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    Friday, 16 December 2016

    Food Safety Tips for Group Parties

    As the weather takes a turn towards chilly, winter happily descends on sleepy villages overnight. A tell-tale bite in the air is all the warning it gives; before you know it, we’re bundled tightly against the whipping wind and snow, sealing off chinks in our padded armour with thick, knitted material. It’s only natural, given the exterior conditions, that people will gather, cloistering together to share in warmth and cheer. In such situations, people are all too happy to share a meal. Having family and friends side by side is a just cause for celebration. If you are hosting a meal for your loved ones, consider factoring in these food safety tips.

    1. Guests will be clambering to help out by bringing a dish. Their contribution alleviates some of the stress of hosting, so take their help! For those coming from further away, request they bring non-perishable foods or beverages or even things like napkins.

    2. To save yourself from stress and an inordinate amount of cooking on the day of the meal, prepare some dishes beforehand. These can be frozen or refrigerated until needed. Use a food thermometer to ensure that the dish has been reheated to 165°F (73°C).

    3. Best practice for all cooks is to keep a food thermometer handy and use it to take the temperature of all meats products and poultry. 
    • For beef, pork, lamb and veal steaks, chops, and roasts the correct internal temperature is 145°F (63°C).
    • For ground beef, pork, lamb, and veal the correct internal temperature is 145°F (63°C). 
    • For poultry the correct internal temperature is 165°F (73°C).
    4. When shopping before the party, go for the non-perishable, shelf-stable products first. Hit the frozen and refrigerated products last. This minimises the time that goods like dairy products, meat, eggs, and poultry spend at varying temperatures.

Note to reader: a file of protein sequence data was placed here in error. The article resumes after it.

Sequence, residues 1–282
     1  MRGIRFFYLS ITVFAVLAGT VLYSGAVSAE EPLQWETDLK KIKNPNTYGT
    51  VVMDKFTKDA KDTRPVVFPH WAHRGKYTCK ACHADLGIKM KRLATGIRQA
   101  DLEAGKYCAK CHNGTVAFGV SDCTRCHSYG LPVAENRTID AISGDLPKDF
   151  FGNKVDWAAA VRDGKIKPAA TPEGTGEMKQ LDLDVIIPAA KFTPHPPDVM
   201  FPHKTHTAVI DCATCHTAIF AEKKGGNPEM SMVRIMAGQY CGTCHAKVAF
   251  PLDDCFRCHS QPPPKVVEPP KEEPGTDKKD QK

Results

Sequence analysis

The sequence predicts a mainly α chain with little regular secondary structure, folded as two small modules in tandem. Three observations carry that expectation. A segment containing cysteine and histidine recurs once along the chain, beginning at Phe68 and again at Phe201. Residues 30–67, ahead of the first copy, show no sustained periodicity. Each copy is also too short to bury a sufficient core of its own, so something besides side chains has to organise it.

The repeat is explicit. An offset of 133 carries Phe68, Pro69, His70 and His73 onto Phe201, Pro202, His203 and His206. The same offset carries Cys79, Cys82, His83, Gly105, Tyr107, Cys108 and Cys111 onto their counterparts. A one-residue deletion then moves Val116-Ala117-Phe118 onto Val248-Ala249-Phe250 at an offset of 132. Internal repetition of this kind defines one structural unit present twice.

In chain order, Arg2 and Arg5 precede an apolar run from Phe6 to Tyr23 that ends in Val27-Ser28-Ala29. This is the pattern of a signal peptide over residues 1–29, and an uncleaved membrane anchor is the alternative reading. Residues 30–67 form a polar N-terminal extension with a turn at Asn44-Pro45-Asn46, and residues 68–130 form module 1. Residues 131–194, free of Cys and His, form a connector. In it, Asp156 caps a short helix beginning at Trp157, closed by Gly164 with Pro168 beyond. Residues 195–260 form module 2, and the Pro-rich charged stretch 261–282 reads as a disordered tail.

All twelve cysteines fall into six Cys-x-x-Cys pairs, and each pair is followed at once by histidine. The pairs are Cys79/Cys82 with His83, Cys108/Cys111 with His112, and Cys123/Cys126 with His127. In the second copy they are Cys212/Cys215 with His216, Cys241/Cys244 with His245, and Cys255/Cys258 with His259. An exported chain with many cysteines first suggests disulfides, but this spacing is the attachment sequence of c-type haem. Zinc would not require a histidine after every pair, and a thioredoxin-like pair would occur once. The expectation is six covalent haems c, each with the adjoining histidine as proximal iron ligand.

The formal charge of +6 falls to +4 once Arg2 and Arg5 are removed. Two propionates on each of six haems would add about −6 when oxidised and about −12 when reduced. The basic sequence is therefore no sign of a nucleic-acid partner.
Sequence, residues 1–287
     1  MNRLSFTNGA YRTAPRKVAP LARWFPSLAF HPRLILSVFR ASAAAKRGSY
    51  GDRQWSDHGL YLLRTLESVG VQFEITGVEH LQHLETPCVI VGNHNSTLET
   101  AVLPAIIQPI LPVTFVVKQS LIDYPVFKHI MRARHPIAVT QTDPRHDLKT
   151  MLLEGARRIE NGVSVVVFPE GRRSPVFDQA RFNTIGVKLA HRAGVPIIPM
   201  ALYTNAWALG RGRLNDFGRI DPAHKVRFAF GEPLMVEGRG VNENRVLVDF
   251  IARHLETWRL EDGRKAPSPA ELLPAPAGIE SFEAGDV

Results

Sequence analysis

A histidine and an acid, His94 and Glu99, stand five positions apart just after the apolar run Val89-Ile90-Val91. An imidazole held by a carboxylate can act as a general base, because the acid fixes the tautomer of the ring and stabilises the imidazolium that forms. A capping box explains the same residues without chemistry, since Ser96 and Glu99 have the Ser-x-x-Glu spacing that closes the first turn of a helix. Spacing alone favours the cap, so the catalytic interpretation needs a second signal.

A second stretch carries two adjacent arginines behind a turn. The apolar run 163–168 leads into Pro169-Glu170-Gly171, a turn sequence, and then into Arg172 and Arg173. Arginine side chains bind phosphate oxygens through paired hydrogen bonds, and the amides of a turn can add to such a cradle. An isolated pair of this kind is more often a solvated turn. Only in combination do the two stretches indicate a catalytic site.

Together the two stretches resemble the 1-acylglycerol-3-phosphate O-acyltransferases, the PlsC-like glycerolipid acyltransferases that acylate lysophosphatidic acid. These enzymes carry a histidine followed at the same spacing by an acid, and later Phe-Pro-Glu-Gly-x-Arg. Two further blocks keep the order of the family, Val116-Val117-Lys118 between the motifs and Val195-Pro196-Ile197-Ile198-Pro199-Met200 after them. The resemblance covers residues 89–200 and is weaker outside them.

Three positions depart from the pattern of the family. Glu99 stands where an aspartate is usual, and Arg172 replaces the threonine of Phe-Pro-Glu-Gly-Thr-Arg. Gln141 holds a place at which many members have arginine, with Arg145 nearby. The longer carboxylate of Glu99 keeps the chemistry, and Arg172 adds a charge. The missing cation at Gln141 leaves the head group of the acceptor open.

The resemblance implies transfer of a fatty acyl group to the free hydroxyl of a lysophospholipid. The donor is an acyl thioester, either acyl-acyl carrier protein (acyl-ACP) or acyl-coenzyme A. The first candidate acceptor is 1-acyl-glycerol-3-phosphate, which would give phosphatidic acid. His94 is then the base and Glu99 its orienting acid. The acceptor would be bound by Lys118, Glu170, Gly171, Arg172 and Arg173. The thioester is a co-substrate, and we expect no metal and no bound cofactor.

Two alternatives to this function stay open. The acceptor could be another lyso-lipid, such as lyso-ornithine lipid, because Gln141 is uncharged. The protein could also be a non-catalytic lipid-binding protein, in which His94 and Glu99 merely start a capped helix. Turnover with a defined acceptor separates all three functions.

5. Have a plan to keep hot foods hot and cold foods cold. Doing so will guard against bacterial growth on prepared foods left to sit. Make sure to cover food until ready to serve. Use chafing dishes, slow cookers, and warming trays to keep hot foods hot. Tempting as it may be, slow cookers should not be used to reheat dishes. Prepared food can be kept warm in the oven before serving. For cold foods – dips, salads, cut fruits and veggies – place them in a serving container and then into bowls or trays filled with ice.

    6. Store foods in shallow containers before serving to allow for rapid cooling. It is best to serve foods on small serving dishes rather than one large platter. Once a serving dish is empty, replace it with a new serving dish. By the time a dish is empty, it will have been touched by many people.

    7. Rather than using the standard kitchen towel, it is advised to use disposable paper towels. Group parties are ideal sites to spread bacteria and viruses. Be sure to have ample hand soap available in the bathrooms and kitchens, and consider changing the bathroom towel to paper towels or, if that seems too wasteful, changing out the towel for a fresh one midway through dinner. It would be most unfortunate if your group meal was known as ground zero for an office-wide flu.

    For even more safety tips, check out the USDA’s tips for holiday or party buffets

    Jacqui Litvan

    Jacqui Litvan, wielding a bachelor's degree in English, strives to create a world of fantasy amidst the ever-changing landscape of military life. Attempting to become a writer, she fuels herself with coffee (working as a barista) and music (spending free time as a raver).
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